PhD Defense: Improving blood-induced joint damage in haemophilia: from early detection to early treatment

PhD Defense of Eline Dorothea Petronellavan Bergen


The hereditary coagulation disorder haemophilia is characterised by spontaneous and traumatic bleeding. Recurrent joint bleeding leads to synovial inflammation and bone/cartilage damage and causes pain and impaired function. Although prophylactic administration of clotting factors has led to a substantial reduction in joint bleeding, complete prevention of bleeding is impossible. Early detection of joint damage and early start and adjustment of treatment is important to prevent (irreversible) progression of so-called 'haemophilia arthropathy'. Part I of this thesis (early detection) focuses on the prevention and detection of undetected ('subclinical') joint changes by imaging and biochemical markers. In 22% of patients who came to the outpatient clinic for routine check-ups with the haematologist, there was evidence of an 'active joint' on ultrasound. These patients reported no symptoms or recent bleeding. This indicates that regular imaging of joints by ultrasound is important to detect changes in joints and adapt treatment on time. In patients aged 16-32 years, an MRI of a bleed-free joint was performed. Nevertheless, signs of previous bleeding seen in 16% of joints. Biochemical markers in blood and urine are currently not useful to detect patients with an 'active joint'.

Part II of this thesis (early treatment) focuses on treatments that can prevent progression of joint damage and major orthopaedic surgery (such as ankle fixation or total ankle replacement). A systematic review showed that NSAIDs, effective analgesics recommended for the treatment of joint pain, pose no obvious risk for side effects such as bleeding or cardiovascular disease. Sometimes conservative treatments such as NSAIDs, physiotherapy and adapted shoes are not enough. At that point, surgical treatment may be needed to reduce pain and improve function. The final part of this thesis investigated a new treatment called ankle distraction. In this treatment, an external frame is applied around the ankle by an orthopaedic surgeon and this frame is then left in place for 8-10 weeks and causes tensile forces on the ankle joint. These tensile forces lead to a kind of reset of the cartilage. Three-year follow-up showed significant clinical progress in pain and function and this improvement was accompanied by changes on MRI. No bleeding occurred and the ankle joint remained good mobility. This new treatment could be an attractive alternative to postpone major disabling procedures such as ankle fixation (arthrodesis) and total ankle replacement, especially in the relatively young haemophilia population.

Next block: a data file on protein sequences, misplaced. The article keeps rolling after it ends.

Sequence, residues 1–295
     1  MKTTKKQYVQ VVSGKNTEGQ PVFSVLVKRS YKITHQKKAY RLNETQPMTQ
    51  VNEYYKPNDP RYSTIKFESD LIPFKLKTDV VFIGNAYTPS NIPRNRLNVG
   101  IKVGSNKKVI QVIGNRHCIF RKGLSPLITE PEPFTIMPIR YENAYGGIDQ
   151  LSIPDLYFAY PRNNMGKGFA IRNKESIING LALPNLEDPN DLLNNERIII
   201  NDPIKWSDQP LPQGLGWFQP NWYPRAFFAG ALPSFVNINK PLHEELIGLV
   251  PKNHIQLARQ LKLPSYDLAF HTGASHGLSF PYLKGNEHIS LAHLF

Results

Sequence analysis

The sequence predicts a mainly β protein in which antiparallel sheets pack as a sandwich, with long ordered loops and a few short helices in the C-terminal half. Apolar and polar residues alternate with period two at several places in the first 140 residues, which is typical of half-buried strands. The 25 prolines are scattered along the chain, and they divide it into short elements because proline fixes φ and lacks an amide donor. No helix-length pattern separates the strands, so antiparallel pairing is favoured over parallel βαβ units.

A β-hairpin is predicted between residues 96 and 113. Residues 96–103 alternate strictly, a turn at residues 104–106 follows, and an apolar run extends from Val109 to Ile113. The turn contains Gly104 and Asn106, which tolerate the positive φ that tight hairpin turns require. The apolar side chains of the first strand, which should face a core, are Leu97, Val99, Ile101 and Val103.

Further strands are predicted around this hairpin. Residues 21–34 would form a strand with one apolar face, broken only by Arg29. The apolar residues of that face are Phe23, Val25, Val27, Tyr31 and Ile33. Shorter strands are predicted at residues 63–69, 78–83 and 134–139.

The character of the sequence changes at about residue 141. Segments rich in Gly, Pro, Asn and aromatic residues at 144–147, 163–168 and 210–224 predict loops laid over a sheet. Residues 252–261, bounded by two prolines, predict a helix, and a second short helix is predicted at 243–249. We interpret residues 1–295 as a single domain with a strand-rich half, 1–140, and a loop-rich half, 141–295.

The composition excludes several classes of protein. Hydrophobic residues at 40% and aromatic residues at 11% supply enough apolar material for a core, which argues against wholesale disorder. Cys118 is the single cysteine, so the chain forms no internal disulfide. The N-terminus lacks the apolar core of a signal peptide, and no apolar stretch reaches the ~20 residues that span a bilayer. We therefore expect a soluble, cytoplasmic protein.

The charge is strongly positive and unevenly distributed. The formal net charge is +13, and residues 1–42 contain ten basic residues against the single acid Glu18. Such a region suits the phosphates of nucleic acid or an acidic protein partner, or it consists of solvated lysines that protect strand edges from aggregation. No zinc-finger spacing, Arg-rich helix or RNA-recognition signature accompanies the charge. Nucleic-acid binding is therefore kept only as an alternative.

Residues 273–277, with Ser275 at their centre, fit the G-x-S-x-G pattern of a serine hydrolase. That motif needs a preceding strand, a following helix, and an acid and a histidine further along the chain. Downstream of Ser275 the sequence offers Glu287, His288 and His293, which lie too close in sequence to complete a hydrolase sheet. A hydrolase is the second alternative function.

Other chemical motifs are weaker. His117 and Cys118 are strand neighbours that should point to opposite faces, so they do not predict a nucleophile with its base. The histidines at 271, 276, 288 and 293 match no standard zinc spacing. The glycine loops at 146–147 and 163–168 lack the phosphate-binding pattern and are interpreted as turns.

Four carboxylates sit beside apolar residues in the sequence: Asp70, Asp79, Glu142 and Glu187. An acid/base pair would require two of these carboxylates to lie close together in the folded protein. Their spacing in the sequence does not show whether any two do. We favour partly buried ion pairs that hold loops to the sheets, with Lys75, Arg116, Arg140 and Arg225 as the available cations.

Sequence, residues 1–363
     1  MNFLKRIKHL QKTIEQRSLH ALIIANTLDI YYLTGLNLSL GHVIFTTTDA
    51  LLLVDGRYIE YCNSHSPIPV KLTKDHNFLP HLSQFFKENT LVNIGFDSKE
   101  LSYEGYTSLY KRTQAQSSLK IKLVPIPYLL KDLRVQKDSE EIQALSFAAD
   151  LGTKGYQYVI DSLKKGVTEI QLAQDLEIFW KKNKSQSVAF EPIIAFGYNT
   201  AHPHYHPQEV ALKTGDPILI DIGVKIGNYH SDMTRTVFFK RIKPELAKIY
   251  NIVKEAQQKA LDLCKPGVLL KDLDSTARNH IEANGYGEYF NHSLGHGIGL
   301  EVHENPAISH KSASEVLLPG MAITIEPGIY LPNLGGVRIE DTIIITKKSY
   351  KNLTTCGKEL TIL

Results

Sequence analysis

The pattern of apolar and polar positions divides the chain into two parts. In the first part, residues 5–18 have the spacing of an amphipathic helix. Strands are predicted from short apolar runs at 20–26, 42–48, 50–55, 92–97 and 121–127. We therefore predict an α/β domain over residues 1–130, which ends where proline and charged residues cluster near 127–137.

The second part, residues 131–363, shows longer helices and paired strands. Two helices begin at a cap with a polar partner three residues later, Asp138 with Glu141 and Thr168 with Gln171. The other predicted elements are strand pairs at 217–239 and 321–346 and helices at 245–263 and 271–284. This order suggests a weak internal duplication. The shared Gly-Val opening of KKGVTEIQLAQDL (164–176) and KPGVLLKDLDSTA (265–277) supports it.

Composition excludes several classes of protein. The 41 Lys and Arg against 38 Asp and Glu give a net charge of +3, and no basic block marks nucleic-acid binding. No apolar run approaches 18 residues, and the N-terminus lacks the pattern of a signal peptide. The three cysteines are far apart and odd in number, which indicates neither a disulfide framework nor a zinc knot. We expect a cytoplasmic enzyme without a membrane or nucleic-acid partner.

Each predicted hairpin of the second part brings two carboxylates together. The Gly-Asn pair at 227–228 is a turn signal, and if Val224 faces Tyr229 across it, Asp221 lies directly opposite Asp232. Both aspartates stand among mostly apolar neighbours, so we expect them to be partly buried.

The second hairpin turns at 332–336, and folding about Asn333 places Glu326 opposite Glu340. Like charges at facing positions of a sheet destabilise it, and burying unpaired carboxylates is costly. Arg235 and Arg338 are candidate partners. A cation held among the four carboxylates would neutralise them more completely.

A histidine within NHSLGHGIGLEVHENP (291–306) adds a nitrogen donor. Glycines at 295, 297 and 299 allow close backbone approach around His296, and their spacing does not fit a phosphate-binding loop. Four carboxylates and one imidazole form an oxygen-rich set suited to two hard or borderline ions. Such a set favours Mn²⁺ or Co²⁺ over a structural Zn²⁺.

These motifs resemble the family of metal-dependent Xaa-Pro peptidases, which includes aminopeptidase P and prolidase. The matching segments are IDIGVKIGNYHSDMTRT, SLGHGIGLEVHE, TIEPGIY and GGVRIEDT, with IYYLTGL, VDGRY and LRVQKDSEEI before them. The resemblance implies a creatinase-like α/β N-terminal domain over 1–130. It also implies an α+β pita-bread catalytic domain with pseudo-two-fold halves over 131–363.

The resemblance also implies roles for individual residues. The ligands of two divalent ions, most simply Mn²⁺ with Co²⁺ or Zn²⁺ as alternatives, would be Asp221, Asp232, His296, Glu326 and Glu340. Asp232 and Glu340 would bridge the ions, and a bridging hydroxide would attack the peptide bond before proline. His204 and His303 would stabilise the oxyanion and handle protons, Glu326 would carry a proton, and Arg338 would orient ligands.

Start date and time
End date and time
Academiegebouw, Domplein 29 & online (livestream link)
PhD candidate
E.D.P van Bergen
Improving blood-induced joint damage in haemophilia: from early detection to early treatment
PhD supervisor(s)
prof. dr. R.E.G. Schutgens
prof. dr. F.P.J.G. Lafeber
dr. L.F.D. van Vulpen
dr. S.C. Mastbergen
More information
Full text via Utrecht University Repository